"A basic action is one which a person does intentionally just like that and not by doing any other intentional action. My going from Oxford to London is a non-basic action, because I do it by doing various other actions going to the station, getting on the train, etc. But squeezing my hand or moving my leg and even saying 'this' are basic actions. I just do them, not by doing any other intentional act. (True, certain events have to happen in my body my nerves have to transmit impulses if I am to perform the basic action. But these are not events which I bring about intentionally. They just happen I may not even know about them.) By a basic power I mean a power to perform a basic action. We humans have similar basic powers to each other. They are normally confined to powers of thought and powers over the small chunk of matter which each of us calls his or her body. I can only produce effects in the world outside my body by doing something intentional with my body. I can open a door by grasping the handle with my hand and pulling it towards me; or l can get you to know something by using my mouth to tell you something. When l produce some effect intentionally (e.g. the door being open) by doing some other action (e.g. pulling it towards me), doing the former is performing a nonbasic action. When I go to London, or write a book, or even put a screw into a wall, these are non-basic actions which I do by doing some basic actions. When I perform any intentional action, I seek thereby to achieve some purpose normally one beyond the mere performance of the action itself (I open a door in order to be able to leave the room), but sometime simply the performance of the action itself (as when I sing for its own sake). ... God's basic powers are supposed to be infinite: he can bring about as a basic action any event he chooses, and he does not need bones or muscles to operate in certain ways in order to do so. He can bring objects, including material objects, into existence and keep them in existence from moment to moment. We can imagine finding ourselves having a basic power not merely to move objects, but to create them instantaneously for example the power to make a pen or a rabbit come into existence; and to keep them in existence and then let them no longer exist. There is no contradiction in this supposition, but of course in fact no human has such a power. What the theist claims about God is that he does have a power to create, conserve, or annihilate anything, big or small. And he can also make objects move or do anything else. He can make them attract or repel each other, in the way that scientists have discovered that they do, and make them cause other objects to do or suffer various things: he can make the planets move in the way that Kepler discovered that they move, or make gunpowder explode when we set a match to it; or he can make planets move in quite different ways, and chemical substances explode or not explode under quite different conditions from those which now govern their behaviour. God is not limited by the laws of nature; he makes them and he can change or suspend them-if he chooses." (Swinburne R.G., "Is There a God?," Oxford University Press: Oxford UK, 1996, pp.5-6)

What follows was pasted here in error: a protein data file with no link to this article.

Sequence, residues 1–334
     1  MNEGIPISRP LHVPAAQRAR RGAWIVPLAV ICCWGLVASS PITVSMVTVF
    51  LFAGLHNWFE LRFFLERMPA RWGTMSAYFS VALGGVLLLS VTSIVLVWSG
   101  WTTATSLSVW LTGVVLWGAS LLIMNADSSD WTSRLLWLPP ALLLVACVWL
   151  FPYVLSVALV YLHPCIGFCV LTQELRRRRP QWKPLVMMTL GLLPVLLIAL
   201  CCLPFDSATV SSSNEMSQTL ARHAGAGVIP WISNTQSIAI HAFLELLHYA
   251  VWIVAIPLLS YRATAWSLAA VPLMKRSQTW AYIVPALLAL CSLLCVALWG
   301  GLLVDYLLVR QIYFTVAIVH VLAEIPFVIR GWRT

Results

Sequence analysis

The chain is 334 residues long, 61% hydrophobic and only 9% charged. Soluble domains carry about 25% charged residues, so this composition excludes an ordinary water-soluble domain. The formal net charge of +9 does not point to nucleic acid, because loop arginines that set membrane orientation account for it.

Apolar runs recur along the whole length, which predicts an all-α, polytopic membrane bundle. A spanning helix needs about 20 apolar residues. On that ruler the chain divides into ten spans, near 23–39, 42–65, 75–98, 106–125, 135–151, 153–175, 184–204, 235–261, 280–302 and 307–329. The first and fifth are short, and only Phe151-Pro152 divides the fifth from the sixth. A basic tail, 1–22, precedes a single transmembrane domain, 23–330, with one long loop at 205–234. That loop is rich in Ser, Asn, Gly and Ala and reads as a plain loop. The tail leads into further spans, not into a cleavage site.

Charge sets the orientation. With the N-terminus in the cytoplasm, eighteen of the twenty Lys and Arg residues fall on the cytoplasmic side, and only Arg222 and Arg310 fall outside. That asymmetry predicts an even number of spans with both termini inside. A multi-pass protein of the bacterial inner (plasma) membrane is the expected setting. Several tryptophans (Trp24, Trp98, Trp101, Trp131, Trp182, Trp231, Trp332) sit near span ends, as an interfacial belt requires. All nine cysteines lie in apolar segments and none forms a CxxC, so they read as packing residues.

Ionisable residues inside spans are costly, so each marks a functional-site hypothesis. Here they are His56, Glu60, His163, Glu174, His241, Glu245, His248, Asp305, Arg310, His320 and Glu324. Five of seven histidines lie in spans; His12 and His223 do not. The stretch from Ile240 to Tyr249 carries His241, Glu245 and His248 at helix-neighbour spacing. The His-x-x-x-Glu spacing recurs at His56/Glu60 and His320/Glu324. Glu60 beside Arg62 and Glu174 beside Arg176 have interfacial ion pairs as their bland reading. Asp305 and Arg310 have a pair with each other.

An example of this was where Jesus commanded a storm on a lake to be still and it instantly obeyed Him:
Mark 4:35-41 "That day when evening came, he said to his disciples, "Let us go over to the other side." Leaving the crowd behind, they took him along, just as he was, in the boat. There were also other boats with him. A furious squall came up, and the waves broke over the boat, so that it was nearly swamped. Jesus was in the stern, sleeping on a cushion. The disciples woke him and said to him, "Teacher, don't you care if we drown?" He got up, rebuked the wind and said to the waves, "Quiet! Be still!" Then the wind died down and it was completely calm. He said to his disciples, "Why are you so afraid? Do you still have no faith?" They were terrified and asked each other, "Who is this? Even the wind and the waves obey him!"
AN>2) If your `God' did create it, why does it (why do you assume it is a `he', by the way? - a bit sexist, isn't it?) NOT intervene?
The Bible uses the personal pronoun "He" of God. But it also says in Genesis 1:27 that man as "male and female" is "in the image of God":
Genesis 1:27 "So God created man in his own image, in the image of God he created him; male and female he created them."
Therefore, I (along with evangelical theologians I have read) assume that God is both male and female, and the use of the male personal pronoun is a literary convention. Interestingly, your fellow atheist Richard Dawkins defends the literary convention of using the male personal pronoun when speaking of humans: